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Hate speech and the First Amendment

"If there is any principle of the Constitution that more imperatively calls for attachment than any other, it is the principle of free thought - not free thought for those who agree with us, but freedom for the thought that we hate." (Justice Oliver Wendell Holmes)

Hate speech and hate symbols have been the topic of much discussion lately. What exactly is hate speech and how does it affect our First Amendment rights? Hate speech can be defined as speech that offends any group based on race, gender, ethnicity, religion or sexual orientation. Despite widespread public misconception, there is no "hate speech" exception to the First Amendment. "Hate speech" is speech, and as such, is protected under the First Amendment. Protection does not condone the use of hateful speech. As a civil society we should strive to follow the "Golden Rule" whenever possible. Perpetuating misinformation regarding the regulation of speech is misleading and harmful to our democratic republic which relies on an informed and engaged citizenry.

In a desire to embrace diversity, many schools have attempted to regulate "offensive" speech through the adoption of speech, conduct and harassment codes. While intended to make "marginalized" groups feel more welcome, the unintended consequences of these codes is often the violation of individual First Amendment rights. This problem prompted the U.S. Department of Education, Office of Civil Rights to issue a 2003 memo to school administrators emphasizing that the First Amendment is of "central importance to our government, our heritage of freedom, and our way of life," and that "OCR regulations and policies do not require or prescribe speech, conduct or harassment codes that impair the exercise of rights protected under the First Amendment." Although often ignored, the memo remains in effect today.

Recognizing that there is no "hate speech" exception to the First Amendment, the courts have consistently struck down policies that have attempted to limit free expression on the basis of "offensive speech." In Nixon v. Northern Local School District Board of Education, a 2005 case argued in U.S. District Court for the Southern District of Ohio, the court rejected the school's argument that censoring a student's controversial religious T-shirt was permissible to protect the "psychological vulnerability" of students. The court held that "achieving free expression requires an open marketplace in which citizens are susceptible to varied viewpoints.schools are part of the market place, with students entitled to the privileges of citizenry." The court went on to state that high school students do not have a "right" to be sheltered from expression that may offend them, just as they will not have such a right once they leave school.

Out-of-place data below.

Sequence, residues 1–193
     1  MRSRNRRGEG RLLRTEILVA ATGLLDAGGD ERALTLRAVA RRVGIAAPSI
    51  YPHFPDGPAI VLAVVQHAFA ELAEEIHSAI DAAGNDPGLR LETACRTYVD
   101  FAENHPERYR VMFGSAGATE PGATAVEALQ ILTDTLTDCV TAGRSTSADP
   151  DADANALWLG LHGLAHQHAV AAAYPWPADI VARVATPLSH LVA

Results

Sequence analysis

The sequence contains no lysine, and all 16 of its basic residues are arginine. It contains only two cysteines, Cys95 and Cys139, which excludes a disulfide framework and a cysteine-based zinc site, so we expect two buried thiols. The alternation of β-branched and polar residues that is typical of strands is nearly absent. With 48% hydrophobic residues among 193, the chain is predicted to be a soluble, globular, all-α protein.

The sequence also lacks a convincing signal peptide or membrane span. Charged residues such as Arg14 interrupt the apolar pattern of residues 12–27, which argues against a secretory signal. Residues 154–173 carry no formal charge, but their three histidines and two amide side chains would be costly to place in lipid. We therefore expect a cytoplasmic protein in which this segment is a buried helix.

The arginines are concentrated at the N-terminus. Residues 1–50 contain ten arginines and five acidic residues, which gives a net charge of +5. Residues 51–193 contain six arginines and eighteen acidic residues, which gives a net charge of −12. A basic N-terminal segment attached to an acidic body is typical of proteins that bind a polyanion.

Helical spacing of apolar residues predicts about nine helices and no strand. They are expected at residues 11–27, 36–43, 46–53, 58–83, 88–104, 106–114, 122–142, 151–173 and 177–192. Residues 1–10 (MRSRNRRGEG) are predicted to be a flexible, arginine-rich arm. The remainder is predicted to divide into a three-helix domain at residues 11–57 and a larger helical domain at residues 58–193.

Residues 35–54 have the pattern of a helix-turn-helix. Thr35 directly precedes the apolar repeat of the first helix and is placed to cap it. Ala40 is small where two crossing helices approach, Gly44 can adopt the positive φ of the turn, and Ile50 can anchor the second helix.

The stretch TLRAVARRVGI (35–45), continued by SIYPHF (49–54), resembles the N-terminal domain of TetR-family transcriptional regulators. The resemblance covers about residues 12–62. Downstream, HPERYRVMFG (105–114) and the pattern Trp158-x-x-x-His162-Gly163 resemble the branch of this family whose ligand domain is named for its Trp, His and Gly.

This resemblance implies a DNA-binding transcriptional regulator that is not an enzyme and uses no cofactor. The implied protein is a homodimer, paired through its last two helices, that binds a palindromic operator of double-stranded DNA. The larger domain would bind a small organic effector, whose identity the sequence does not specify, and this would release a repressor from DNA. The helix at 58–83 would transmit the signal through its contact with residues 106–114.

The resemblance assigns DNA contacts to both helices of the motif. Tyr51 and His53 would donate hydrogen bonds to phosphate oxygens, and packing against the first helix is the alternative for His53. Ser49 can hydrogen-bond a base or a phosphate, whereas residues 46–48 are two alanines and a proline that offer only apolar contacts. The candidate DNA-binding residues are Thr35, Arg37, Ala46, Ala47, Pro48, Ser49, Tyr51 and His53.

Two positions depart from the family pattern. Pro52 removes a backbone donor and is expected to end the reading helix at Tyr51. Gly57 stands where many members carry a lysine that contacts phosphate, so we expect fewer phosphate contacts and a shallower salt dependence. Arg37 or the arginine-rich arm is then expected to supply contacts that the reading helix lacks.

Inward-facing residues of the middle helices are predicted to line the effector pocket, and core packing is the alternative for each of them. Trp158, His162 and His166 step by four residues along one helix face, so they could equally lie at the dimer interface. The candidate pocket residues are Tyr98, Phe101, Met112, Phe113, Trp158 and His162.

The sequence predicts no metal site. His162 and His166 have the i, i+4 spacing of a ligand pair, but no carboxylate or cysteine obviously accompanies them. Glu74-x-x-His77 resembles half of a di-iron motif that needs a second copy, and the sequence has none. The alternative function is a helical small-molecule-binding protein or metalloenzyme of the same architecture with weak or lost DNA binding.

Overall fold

K.D. ex rel. Dibble v. Fillmore Central School District, a 2005 case from the U.S. District Court for the Western District of New York, involved the banning of a student's pro-life T-shirt after several students complained that they were "upset" by the message on the shirt. The court struck down the ban, stating that "students do not have the right not to be 'upset' when confronted with a viewpoint with which they disagree." The court's opinion in the KD case rejected the notion that censorship of a message is justified simply because a student may find it to be offensive or upsetting.

Most recently, the primacy of the First Amendment was upheld by the United States Supreme Court in the highly publicized 2011 case of Snyder v. Westboro Baptist Church. The case involved Westboro's picketing of the funeral of Matthew Snyder, a U.S. Marine killed in Iraq. During their protest, church members held up signs that read "God Hates the USA/Thank God for 9/11," "Thank God for IEDs," "Semper Fi Fags," and other similar slogans. Writing for the court in an 8-1 decision, Chief Justice Roberts said, "Speech is powerful. It can stir people to action, move them to tears of both joy and sorrow, and - as it did here - inflict great pain. ... We cannot react to [Snyder's] pain by punishing the speaker. As a nation we have chosen a different course - to protect even hurtful speech on public issues to ensure that we do not stifle public debate."

In upholding the First Amendment, the courts have recognized that in a society that champions individual freedom and the free and open exchange and debate of ideas, there is no place for censorship nor the coercive power of the state. Far better to rely on the disinfectant qualities of sunlight. When presented with hateful and repugnant speech, a free people have recourse to reason, debate, discussion, argument and outrage to discredit such speech. As John Milton, the 17th century English philosopher, argued, "let truth and falsehood grapple ... in a free and open encounter," and truth will triumph in the end.

The freedom of speech guaranteed to all of us under the First Amendment is a precious thing. It is at the core of our civil society and is essential to protecting all of us from the arbitrary abuse of power. We would do well to heed the advice of Patrick Henry and "Guard with jealous attention the public liberty. Suspect everyone who approaches that jewel."

Bill Nelligan, Nelligan, who retired from the U.S. Army Reserve as a lieutenant colonel, is a graduate of the U.S. Army Command and General Staff College and holds a master's degree in history from the University of Maryland. He lives and works in Montezuma County.

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